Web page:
Its removal may even cause some employed persons who are engaged in superannuation salary sacrifice to review their existing arrangements. Depending on individual circumstances, some may in future consider making personal deductible superannuation contributions, instead of maintaining their salary sacrifice arrangements with their employer.
Reasons for reviewing salary sacrifice arrangements may, depending on ‘case by case’ analysis, involve considerations including:
the need for an effective agreement to be in place prior to the salary being earned, which reduces flexibility, and can make it difficult to sacrifice bonuses.
the salary sacrifice contribution is classified as an employer contribution, and accordingly, careful structuring of the agreement is required to make sure the SG contributions and other benefits payable, such as termination entitlements, are not based on the reduced income level.
Note: At the time of writing, the Government is proposing to legislate to ban the practice of some employers who use salary sacrifice contributions to reduce or eliminate their SG obligation.
control, including timing of the salary sacrifice contributions, is effectively in the hands of the employer. Delays in actually making the salary sacrifice contributions to the fund will potentially disadvantage the employee.
Unlike SG contributions, which must be remitted to the employee’s super fund no later than 28 days after the end of the relevant quarter in which they were deducted, no such time frame exists for salary sacrifice contributions, and the employee is reliant on the employer to do this in a timely fashion.
In contrast, making regular personal contributions or one-off contributions towards the end of the financial year, and choosing whether or not to claim a tax deduction at that time, may allow people to take greater control and flexibility of their superannuation contribution strategy. Clients who wish to make deductible super contributions in this way will have to be disciplined savers. For some clients, it may be difficult to save the after-tax salary amount needed to get the same effective tax deduction as provided by salary sacrifice, which is on a pre-tax basis.
Jack, age 49 with a salary of $90,000, is looking to increase his savings for retirement.
He has been considering a salary sacrifice arrangement with his employer for 2017/18, but his financial adviser has alerted him to also consider whether the reduction in the cash component of his salary might impact other employment benefits, such as redundancy entitlements.
His cash flow situation is tight, but Jack has also regularly received a healthy bonus late in March each financial year.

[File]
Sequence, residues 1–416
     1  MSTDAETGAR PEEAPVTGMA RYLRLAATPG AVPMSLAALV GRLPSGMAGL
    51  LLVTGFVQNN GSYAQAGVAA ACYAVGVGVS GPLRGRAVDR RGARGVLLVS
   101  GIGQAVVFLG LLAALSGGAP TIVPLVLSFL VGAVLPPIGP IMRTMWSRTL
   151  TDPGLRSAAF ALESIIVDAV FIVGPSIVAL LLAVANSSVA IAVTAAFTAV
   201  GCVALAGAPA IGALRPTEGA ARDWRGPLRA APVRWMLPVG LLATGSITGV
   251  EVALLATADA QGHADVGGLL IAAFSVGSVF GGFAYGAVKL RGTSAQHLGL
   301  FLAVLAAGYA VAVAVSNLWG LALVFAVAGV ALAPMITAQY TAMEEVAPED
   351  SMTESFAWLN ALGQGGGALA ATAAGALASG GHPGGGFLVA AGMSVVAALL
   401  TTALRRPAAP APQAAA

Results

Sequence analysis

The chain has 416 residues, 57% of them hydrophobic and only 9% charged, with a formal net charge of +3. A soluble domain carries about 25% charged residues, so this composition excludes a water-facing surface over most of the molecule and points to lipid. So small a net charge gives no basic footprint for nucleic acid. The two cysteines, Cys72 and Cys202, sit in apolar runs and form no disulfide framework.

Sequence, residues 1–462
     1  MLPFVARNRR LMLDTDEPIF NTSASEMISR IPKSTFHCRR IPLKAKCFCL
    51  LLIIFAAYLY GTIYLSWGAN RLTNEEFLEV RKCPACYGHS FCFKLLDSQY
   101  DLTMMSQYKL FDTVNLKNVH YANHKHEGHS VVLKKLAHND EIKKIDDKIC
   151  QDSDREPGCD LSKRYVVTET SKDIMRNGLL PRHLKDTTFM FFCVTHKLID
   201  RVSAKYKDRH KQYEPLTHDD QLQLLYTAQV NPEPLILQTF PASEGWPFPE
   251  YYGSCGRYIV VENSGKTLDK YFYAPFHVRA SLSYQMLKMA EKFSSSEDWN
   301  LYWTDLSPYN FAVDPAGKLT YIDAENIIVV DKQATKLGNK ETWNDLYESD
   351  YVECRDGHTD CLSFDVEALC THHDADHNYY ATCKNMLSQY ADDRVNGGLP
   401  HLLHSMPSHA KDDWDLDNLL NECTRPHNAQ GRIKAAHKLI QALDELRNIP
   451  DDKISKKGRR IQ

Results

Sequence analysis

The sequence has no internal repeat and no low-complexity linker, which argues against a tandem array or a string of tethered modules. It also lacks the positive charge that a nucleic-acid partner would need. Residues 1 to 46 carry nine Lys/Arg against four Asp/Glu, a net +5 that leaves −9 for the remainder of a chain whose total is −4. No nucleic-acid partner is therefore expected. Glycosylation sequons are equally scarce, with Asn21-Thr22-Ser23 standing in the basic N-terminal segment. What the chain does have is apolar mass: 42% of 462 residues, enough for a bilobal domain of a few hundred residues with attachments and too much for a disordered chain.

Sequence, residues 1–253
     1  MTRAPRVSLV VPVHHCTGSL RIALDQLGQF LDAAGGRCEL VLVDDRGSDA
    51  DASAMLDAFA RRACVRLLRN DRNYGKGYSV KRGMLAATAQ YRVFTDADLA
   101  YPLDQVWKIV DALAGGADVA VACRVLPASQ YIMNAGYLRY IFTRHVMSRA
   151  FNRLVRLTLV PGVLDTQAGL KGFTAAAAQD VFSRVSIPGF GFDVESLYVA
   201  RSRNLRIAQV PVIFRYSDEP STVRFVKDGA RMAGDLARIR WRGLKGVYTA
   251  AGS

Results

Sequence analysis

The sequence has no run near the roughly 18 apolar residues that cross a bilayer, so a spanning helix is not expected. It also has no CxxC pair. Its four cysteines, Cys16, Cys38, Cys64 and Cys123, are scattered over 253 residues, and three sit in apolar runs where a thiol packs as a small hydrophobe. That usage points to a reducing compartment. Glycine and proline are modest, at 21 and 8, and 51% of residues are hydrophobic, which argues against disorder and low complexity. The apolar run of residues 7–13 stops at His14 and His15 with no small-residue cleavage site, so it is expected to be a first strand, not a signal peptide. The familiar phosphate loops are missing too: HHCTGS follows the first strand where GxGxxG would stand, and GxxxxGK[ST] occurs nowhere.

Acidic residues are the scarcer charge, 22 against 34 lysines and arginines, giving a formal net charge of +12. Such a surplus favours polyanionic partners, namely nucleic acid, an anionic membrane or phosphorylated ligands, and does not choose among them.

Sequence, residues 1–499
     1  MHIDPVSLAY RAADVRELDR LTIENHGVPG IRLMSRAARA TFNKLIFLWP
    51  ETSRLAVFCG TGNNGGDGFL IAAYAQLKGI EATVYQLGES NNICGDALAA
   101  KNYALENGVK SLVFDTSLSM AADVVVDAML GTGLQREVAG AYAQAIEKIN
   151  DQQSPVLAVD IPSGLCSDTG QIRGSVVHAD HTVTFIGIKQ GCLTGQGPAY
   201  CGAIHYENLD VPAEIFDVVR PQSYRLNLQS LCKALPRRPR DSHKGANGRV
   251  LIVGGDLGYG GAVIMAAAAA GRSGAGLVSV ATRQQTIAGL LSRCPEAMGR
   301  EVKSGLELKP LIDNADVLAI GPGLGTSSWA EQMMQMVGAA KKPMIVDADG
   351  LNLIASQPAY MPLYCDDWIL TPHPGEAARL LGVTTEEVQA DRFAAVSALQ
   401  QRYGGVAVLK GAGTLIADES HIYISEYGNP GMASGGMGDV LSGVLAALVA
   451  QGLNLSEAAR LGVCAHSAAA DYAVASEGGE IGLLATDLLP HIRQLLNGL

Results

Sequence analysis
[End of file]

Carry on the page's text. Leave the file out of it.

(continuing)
In this financial year, he is looking to use the bonus to help boost his superannuation savings, but at this stage he is not in a position to work out how much the bonus payable in March 2018 may be.
If he enters into a salary sacrifice arrangement involving regular contributions, he needs to plan how much to contribute at the start of the arrangement. Plus, if he also wants to sacrifice the bonus, he will at some point need to advise the employer how much to contribute before knowing how much he is entitled to. This makes it difficult to plan and may even cause the concessional contribution cap to be exceeded.
Alternatively, Jack now has the option of waiting until the bonus is paid, and to make personal super contributions before the end of the financial year. In this way, he can more easily determine how much to contribute and claim it as a tax deduction within the concessional contributions cap.
1. The removal of the under 10 per cent rule will allow personal super contributions made by which of the following persons to be tax deductible from 1 July 2017:
A person under 18 years at the end of the financial year who derives no income from employment or self-employment.
A person, aged 66, who ceased working two years ago.
A person, aged 71, who is employed on a full-time basis.
None of the above are allowed a tax deduction for personal super contributions.
2. Which of the following rules relevant to personal super contributions do not apply from 1 July 2017 onwards?
Under 10 per cent employment income.
Work test from age 65-74.
Notice of Intent.
All of the above continue to apply from 1 July 2017.
3. Your client intends to claim a tax deduction for personal contributions made in the 2017/18 financial year. Which of the following should they not do before submitting their NOI to their super fund?
Rollover their benefit to an SMSF.
Commence an account based pension with part of their super accumulation.
Lodge their tax return for 2017/18.
All of the above.
4. Salary sacrifice contributions must, by superannuation law, be remitted to the employee’s super fund no later than 28 days after the end of the relevant quarter in which they were deducted. True or false?
5. Which of the following statements is false?
Personal deductible super contributions will count toward an individual’s non concessional contribution (NCC) cap.
Personal deductible super contributions in excess of the concessional contribution (CC) cap will be taxed at the top MTR.
Personal deductible super contributions in excess of an individual’s taxable income will result in a tax loss being created.
All of the above.